A NovelBook - 2010
Unable to express himself socially but possessing a savant-like knack for investigating crimes, a teenage boy with Asperger's Syndrome is wrongly accused of killing his tutor when the police mistake his autistic tics for guilty behavior.
Unable to express himself socially but possessing a savant-like knack for investigating crimes, a teenage boy with Asperger's Syndrome is wrongly accused of killing his tutor when the police mistake his autistic tics for guilty behavior. By the author of My Sister's Keeper. 1.5 million first printing.
Simon and Schuster
From the #1 New York Times bestselling author of Small Great Things and the modern classics My Sister’s Keeper, The Storyteller, and more, comes a “complex, compassionate, and smart” (The Washington Post) novel about a family torn apart by a murder accusation.
When your son can’t look you in the eye…does that mean he’s guilty?
Jacob Hunt is a teen with Asperger’s syndrome. He’s hopeless at reading social cues or expressing himself well to others, though he is brilliant in many ways. He has a special focus on one subject—forensic analysis. A police scanner in his room clues him in to crime scenes, and he’s always showing up and telling the cops what to do. And he’s usually right.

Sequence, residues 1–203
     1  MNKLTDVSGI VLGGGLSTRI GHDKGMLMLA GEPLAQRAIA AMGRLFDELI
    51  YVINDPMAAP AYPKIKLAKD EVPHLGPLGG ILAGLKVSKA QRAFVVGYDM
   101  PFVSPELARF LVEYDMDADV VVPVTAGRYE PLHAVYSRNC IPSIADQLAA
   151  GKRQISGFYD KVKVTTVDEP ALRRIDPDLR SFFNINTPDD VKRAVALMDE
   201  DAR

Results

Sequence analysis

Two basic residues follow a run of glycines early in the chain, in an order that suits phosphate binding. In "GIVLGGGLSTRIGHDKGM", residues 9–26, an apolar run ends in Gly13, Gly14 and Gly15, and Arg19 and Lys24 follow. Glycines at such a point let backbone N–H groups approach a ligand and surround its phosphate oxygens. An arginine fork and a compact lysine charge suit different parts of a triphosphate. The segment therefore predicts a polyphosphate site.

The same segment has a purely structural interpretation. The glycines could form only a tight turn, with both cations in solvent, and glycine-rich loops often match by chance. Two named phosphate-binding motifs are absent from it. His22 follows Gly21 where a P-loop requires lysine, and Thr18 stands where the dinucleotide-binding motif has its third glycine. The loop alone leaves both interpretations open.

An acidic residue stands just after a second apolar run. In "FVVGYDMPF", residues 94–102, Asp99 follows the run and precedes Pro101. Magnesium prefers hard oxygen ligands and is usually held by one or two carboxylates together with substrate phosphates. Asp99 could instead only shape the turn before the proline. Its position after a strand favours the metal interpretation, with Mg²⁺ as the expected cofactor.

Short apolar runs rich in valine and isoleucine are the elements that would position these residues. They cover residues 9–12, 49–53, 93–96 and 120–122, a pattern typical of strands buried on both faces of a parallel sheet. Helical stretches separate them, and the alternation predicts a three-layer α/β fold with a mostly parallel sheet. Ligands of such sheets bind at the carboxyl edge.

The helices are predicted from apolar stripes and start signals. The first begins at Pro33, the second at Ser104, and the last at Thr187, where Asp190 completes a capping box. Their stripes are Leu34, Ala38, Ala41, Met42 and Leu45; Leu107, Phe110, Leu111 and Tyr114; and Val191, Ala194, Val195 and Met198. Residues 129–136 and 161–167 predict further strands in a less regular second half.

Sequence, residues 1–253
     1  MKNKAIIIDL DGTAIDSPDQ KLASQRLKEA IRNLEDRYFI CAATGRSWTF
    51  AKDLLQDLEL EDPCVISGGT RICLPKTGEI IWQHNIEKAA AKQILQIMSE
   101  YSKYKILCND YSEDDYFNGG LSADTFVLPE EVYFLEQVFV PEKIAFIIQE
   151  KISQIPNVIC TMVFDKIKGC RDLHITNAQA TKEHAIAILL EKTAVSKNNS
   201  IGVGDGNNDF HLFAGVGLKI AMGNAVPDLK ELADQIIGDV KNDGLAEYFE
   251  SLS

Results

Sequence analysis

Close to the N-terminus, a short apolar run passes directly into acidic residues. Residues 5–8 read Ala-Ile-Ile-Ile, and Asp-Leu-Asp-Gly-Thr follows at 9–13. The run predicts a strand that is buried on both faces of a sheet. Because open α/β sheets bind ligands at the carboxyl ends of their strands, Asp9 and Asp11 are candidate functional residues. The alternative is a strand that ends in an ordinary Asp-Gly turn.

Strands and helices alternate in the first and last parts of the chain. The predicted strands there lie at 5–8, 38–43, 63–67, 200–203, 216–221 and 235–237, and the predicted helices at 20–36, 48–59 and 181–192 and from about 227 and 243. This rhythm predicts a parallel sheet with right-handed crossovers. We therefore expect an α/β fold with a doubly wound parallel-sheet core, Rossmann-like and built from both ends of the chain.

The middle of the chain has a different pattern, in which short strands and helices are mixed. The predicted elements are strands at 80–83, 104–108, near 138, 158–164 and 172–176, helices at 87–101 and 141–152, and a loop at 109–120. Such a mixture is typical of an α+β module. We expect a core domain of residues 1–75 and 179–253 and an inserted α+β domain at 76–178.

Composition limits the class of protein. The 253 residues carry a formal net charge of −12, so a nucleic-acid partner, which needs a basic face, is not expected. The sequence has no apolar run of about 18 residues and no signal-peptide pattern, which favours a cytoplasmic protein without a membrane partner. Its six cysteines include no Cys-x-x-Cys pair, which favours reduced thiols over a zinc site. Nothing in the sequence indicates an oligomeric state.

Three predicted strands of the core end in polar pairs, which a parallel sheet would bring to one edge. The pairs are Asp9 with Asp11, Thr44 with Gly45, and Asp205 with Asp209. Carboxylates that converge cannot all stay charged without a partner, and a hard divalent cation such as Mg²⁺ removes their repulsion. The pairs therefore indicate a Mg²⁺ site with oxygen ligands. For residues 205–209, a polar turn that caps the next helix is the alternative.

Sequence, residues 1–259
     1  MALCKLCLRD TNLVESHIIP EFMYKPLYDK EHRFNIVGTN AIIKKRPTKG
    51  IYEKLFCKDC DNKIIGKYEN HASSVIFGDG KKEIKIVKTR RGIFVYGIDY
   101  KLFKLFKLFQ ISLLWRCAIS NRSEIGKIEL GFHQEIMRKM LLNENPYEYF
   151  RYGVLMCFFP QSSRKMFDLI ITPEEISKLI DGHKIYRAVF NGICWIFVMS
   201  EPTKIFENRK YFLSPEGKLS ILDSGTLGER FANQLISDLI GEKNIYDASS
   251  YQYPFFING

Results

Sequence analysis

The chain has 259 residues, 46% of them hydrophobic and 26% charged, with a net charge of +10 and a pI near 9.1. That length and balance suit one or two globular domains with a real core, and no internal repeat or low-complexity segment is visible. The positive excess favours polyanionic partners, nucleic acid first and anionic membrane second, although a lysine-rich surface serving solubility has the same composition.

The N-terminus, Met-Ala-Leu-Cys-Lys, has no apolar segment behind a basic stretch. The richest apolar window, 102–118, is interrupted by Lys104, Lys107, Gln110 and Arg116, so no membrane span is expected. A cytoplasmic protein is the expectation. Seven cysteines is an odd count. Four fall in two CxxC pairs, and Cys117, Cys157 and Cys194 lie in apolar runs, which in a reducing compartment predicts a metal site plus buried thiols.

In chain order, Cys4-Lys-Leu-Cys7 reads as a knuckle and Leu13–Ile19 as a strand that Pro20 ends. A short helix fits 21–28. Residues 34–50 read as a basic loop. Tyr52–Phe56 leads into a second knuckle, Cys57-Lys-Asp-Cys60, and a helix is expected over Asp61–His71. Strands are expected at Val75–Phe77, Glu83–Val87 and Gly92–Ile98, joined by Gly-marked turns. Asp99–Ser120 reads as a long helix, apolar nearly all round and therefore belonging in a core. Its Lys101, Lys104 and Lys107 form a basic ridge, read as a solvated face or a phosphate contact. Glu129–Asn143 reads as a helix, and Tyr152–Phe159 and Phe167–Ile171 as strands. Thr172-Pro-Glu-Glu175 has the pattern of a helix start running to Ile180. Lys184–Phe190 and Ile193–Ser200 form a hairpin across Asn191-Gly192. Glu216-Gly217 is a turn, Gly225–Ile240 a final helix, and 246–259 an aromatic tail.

But when Jacob’s small hometown is rocked by a terrible murder, law enforcement comes to him. Jacob’s behaviors are hallmark Asperger’s, but they look a lot like guilt to the local police. Suddenly the Hunt family, who only want to fit in, are thrust directly in the spotlight. For Jacob’s mother, it’s a brutal reminder of the intolerance and misunderstanding that always threaten her family. For his brother, it’s another indication why nothing is normal because of Jacob.
And for the frightened small town, the soul-searing question looms: Did Jacob commit murder?
House Rules is “a provocative story in which [Picoult] explores the pain of trying to comprehend the people we love—and reminds us that the truth often travels in disguise” (People).
From the critics
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"Rest easy, real mothers. The very fact that you worry about being a good mom means that you already ARE one."
“I don’t believe in self-pity. I think it’s for people who have too much time on their hands. Instead of dreaming of a miracle, you learn to make your own. But the universe has a way of punishing you for your deepest, darkest secrets; and as much as I love my son—as much as Jacob has been the star around which I’ve orbited—I’ve had my share of moments when I silently imagined the person I was supposed to be, the one who got lost, somehow, in the daily business of raising an autistic child.”
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